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Mudballs fly at groundbreaking ceremonies for Seattle's Kingdome on November 2, 1972. Essay 9359 : Printer-Friendly Format

On November 2, 1972, a small group of demonstrators jeer and lob mudballs at various city and county officials at groundbreaking ceremonies for the Kingdome, cutting the ceremonies short as a result. There are no injuries; one demonstrator is arrested. Construction of the Kingdome proceeds, and it will open in March 1976.

Slip and Slide

The Kingdome was a controversial idea almost from its conception.  Although many local sports fans and business leaders liked the idea of a new sports stadium in Seattle in order to attract a major professional sports team, others were skeptical at its cost and impact on surrounding communities. Bond initiatives to fund a stadium were rejected by King County voters in both 1960 and 1966.  The stadium was then made a part of the Forward Thrust package, a comprehensive capital improvement plan approved by King County voters in 1968.

After shopping various sites for the new stadium for a few years, the County finally selected a location near the King Street railroad station. (In 1972, the new stadium-to-be was not yet called the Kingdome, but was more commonly called either the “King Street stadium” or the “domed stadium” in a nod to its domed top.) Excavation work actually began in October 1972, but officials scheduled the official groundbreaking ceremonies for about three weeks later, on November 2, 1972. 

It had rained the day before and overnight, and skies were still gloomy and gray as various city and county dignitaries and several hundred spectators slipped and slid through mud at the construction site to join together for the midday ceremony.  As they got ready to sing the national anthem, they realized that someone had forgotten to bring a U.S. flag.  It went downhill from there.

Earthy Missiles

Also in the crowd were about 25 to 35 Asian American demonstrators. Organized by the University of Washington Asian Student Coalition, this mostly young group was there to protest the impact the stadium would have on housing and small Asian businesses in the nearby International District.  After the anthem King County Executive John Spellman (b. 1926) was introduced. As he spoke, the demonstrators in the crowd responded with chants of “Stop the stadium!” But Spellman (fortuitously wearing a hard hat which would soon serve him well) sallied on: “Construction has begun; the stadium will be built. It will be a major asset to all the people in this community. Let’s get on with the building!” (“Stadium Ceremonies Disrupted”).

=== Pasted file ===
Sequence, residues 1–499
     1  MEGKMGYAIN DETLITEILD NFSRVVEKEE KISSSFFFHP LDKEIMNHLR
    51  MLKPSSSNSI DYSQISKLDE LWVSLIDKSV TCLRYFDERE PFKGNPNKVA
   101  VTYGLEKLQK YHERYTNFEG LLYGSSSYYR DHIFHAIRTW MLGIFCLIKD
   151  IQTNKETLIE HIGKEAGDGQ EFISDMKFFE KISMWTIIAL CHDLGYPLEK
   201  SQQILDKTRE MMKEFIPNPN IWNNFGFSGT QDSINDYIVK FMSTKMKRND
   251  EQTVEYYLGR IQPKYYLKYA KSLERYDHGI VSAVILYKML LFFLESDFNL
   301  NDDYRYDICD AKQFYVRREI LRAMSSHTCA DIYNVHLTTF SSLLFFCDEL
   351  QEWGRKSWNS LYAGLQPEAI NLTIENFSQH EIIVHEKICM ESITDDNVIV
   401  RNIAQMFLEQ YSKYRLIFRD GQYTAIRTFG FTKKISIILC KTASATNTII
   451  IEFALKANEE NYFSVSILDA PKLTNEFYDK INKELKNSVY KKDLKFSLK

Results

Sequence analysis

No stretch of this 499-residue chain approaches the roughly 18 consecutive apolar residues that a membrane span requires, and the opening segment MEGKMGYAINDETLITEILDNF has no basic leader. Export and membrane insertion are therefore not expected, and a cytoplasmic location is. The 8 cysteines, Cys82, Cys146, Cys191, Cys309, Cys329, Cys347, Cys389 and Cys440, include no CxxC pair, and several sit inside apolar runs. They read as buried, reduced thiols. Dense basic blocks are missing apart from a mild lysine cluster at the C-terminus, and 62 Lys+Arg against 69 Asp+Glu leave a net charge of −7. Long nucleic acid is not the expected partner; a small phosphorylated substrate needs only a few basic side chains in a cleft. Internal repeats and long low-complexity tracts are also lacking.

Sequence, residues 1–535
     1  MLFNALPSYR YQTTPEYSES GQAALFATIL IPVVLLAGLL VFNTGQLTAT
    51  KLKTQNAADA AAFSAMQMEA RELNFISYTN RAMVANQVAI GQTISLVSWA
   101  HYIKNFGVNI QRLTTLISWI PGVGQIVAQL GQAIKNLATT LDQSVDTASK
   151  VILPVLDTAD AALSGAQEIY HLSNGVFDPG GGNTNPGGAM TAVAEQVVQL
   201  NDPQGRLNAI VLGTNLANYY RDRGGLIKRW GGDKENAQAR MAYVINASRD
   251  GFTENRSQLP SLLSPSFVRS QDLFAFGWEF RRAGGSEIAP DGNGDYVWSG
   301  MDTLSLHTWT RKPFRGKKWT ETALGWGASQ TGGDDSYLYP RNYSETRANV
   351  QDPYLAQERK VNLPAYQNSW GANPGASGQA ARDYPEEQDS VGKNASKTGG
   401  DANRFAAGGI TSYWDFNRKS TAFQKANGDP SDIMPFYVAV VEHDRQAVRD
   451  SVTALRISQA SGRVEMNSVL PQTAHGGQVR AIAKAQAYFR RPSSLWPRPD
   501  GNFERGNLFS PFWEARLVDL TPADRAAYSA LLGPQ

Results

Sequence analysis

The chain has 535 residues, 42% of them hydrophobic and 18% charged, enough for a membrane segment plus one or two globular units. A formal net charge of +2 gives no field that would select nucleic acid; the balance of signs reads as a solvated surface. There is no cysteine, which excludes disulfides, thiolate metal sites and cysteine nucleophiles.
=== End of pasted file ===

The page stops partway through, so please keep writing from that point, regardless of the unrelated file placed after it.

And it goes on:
The demonstrators continued to chant and interrupt other speakers, including Hugh McElhenny (b. 1928), a popular UW and NFL football star. McElhenny was representing the Seattle Kings, a group trying to attract a pro football franchise to Seattle, and held a helmet and a football while he gave his remarks. But he also eyed the demonstrators and riposted “I’d never make it as a politician.  As a football player, when things get tough you just go get them” (“Stadium Ceremonies Disrupted”).  The demonstrators dared him to try.

Spellman then held up a faux-gold home plate that was to be placed in the ground as part of the ceremony. Someone threw a mudball at it.  Then more mudballs flew.  At least four or five officials, including Spellman and County Commissioner John O’Brien, were hit by the earthy missiles.  Spellman quickly planted the gold home plate in the ground, but plans to have to have the symbolic first ball thrown over it were canceled.  Also axed were plans to have Spellman kick a field goal through temporary goal posts.  Instead the ceremony came to an abrupt and ignominious end.

Holding His Ground

After the ceremony the demonstrators confronted Seattle City Council President Liem Tuai (1925-2003) -- also an Asian American -- and accused him of selling out to the Establishment.  But Tuai held his ground. “I believe in the stadium,” he answered. “I think it has to be built. I think the people of Seattle want it to be built and I represent all the people of Seattle” (“Stadium Ceremonies Disrupted”).

Construction delays and more citizen dissent continued through the Kingdome’s construction. It finally opened in a gala ceremony on March 27, 1976.  But the controversy about the Dome never really stopped, and it was imploded in a spectacular show on March 26, 2000. Today the site is home to another stadium, Qwest Field.

Sources:, The Online Encyclopedia of Washington State History, "Kingdome:  The Controversial Birth of a Seattle Icon (1959-1976)” (by Heather MacIntosh), (accessed March 6, 2010);  Seattle Civil Rights & Labor History Project, interview of Francisco Irigon (by Trevor Griffey and Meg Elston), November 24, 2004, website accessed March 6, 2010 (;  Craig Smith, “Stadium Ceremonies Disrupted,” Seattle Post-Intelligencer, November 3, 1972, pp. A-1, A-3;  Greg Heberlien, “Stadium Started With Mud-Slinging Protest,” The Seattle Times, November 3, 1972, pp. F 1, F 3.

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Scuffle at Kingdome groundbreaking ceremonies, The Seattle Times, November 2, 1972
Courtesy The Seattle Times

Kingdome groundbreaking ceremonies, November 2, 1972
Courtesy King County Chamber of Commerce

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